“* Agency. By blaming racism and discrimination for the woes afflicting minority communities, progressives deprive minority students of agency — the sense that they control their own destinies and that their efforts will make a difference. If minority students see themselves as victims of systemic racism, why bother working hard and ‘acting white’?
* Discipline. Progressives have implemented ‘social justice’ approaches to school and classroom discipline on the grounds that suspensions and other punishments disproportionately affect minorities. The resulting breakdown in classroom discipline has the perverse effect of disproportionately harming the minority students whose classes are being disrupted.
* Lower standards. As an offshoot of the ‘self esteem’ movement, progressive educators don’t want to damage the self-esteem of minority students. Accordingly, they have lower expectations and set lower standards for minorities to offset the advantages that white students have from ‘white privilege.’”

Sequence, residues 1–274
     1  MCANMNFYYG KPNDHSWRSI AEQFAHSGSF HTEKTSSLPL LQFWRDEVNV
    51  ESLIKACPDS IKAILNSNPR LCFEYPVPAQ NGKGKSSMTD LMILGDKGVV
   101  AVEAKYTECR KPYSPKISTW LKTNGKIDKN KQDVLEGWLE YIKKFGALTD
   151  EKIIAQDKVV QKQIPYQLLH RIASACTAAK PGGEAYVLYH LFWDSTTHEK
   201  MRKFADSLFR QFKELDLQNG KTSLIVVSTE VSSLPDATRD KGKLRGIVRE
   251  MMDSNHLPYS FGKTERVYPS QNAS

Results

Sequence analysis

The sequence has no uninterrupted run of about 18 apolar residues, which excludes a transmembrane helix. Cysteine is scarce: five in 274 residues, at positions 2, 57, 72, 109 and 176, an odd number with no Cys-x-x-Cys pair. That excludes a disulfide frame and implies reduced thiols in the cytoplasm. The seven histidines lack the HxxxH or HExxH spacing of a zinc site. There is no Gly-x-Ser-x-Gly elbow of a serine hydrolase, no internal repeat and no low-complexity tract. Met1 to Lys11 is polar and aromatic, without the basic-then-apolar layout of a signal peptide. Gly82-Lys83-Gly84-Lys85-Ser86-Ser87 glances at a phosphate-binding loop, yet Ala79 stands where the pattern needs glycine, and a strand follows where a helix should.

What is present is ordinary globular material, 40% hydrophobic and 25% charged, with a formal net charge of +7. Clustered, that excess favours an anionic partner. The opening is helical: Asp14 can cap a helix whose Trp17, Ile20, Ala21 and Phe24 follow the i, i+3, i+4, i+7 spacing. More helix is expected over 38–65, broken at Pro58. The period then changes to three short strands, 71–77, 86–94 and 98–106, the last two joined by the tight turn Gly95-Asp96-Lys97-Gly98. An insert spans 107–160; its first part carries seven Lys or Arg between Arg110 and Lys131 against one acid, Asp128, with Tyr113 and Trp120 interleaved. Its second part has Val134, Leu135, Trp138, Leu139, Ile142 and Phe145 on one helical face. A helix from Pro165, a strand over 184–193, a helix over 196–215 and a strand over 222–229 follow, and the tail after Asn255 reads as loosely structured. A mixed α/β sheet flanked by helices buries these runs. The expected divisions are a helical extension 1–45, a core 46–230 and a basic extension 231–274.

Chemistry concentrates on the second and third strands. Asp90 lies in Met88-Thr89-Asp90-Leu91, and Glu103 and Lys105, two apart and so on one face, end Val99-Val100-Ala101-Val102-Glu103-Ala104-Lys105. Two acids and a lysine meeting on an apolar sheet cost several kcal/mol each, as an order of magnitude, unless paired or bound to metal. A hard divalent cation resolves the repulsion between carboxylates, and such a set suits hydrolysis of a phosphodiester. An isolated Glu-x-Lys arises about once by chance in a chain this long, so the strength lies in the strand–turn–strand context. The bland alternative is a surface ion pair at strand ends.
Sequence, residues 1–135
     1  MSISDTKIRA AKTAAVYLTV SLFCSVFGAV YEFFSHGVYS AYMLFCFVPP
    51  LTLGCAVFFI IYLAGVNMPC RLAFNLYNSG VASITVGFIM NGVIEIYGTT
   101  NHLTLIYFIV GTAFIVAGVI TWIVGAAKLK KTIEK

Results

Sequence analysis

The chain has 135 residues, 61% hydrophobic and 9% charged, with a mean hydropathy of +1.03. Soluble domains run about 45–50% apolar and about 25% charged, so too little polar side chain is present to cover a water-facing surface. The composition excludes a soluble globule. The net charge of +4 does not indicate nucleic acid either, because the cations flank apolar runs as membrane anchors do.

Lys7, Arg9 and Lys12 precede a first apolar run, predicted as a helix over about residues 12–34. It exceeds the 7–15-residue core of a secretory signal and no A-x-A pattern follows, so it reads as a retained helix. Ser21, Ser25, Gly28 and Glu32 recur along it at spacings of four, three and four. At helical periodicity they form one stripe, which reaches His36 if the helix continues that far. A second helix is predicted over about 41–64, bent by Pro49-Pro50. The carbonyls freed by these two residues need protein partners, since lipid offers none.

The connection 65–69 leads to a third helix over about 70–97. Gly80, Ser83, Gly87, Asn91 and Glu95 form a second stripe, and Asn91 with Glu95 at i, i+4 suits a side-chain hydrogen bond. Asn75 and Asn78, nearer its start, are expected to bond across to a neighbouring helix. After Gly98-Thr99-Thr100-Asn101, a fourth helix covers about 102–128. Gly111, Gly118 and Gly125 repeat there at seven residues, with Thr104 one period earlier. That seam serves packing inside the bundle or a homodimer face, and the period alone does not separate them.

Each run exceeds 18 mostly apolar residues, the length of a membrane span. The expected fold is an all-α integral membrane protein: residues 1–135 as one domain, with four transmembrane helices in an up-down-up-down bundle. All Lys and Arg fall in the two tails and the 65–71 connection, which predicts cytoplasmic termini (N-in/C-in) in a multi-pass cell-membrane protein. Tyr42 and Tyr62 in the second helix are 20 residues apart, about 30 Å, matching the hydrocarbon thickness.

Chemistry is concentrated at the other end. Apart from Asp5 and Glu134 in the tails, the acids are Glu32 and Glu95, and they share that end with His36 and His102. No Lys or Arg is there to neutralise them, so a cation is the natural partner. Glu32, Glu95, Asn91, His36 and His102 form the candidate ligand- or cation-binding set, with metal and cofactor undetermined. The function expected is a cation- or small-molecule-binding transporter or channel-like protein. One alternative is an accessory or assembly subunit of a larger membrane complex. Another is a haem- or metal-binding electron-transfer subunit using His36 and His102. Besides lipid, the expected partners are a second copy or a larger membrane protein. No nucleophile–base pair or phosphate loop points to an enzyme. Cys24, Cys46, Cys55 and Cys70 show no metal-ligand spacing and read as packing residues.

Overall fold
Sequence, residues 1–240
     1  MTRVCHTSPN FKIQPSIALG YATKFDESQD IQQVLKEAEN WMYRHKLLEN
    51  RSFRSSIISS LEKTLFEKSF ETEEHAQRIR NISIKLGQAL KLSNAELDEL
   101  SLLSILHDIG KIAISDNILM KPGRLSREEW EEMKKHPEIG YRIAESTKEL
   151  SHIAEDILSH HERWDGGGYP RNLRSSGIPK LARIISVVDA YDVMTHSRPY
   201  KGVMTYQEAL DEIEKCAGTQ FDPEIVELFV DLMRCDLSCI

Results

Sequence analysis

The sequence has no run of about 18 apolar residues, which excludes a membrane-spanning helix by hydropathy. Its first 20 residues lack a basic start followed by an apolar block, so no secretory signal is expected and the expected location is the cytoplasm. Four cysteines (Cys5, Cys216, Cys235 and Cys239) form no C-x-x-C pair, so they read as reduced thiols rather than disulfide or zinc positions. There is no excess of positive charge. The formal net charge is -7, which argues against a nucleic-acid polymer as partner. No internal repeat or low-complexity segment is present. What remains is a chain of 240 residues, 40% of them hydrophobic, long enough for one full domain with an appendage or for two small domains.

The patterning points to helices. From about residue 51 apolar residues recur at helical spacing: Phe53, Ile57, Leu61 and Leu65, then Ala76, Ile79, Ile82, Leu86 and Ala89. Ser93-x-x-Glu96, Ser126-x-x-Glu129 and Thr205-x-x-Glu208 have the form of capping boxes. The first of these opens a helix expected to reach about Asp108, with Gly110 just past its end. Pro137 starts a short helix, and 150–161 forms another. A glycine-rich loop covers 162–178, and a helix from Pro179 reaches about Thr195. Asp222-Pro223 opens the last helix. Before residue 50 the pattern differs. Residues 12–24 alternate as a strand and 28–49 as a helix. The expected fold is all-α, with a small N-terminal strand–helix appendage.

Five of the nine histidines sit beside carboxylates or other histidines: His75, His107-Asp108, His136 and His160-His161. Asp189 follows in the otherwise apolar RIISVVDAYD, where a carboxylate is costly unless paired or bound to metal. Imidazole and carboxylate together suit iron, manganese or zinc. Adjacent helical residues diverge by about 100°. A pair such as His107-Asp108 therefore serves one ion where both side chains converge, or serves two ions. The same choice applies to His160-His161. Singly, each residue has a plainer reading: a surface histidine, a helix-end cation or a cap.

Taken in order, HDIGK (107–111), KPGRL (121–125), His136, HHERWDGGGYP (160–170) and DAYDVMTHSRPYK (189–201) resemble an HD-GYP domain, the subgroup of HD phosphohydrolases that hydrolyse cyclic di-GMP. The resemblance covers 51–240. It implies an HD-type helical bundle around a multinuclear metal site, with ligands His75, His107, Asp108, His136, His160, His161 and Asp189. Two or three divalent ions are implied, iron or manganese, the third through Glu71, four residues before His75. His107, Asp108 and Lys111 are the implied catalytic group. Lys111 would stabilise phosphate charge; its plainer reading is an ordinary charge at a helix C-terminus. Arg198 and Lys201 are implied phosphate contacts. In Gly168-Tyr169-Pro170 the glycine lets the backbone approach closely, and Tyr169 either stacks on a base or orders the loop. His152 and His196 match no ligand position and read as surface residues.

Research supports Bacon’s theory that breakdowns in classroom discipline resulting from progressive policies worsen the racial achievement gap. In New York City, suspensions were curbed by progressive school officials. The result? Minority students suffered most, as classroom disruption increased at the expense of their ability to learn. Manhattan Institute researcher Max Eden found that “schools where more than 90% of students were minorities experienced the worst” effects on school climate and safety due to restrictions on suspensions. It is predominantly-minority schools that are most often plagued by chronically disruptive students who make it difficult for their classmates to learn.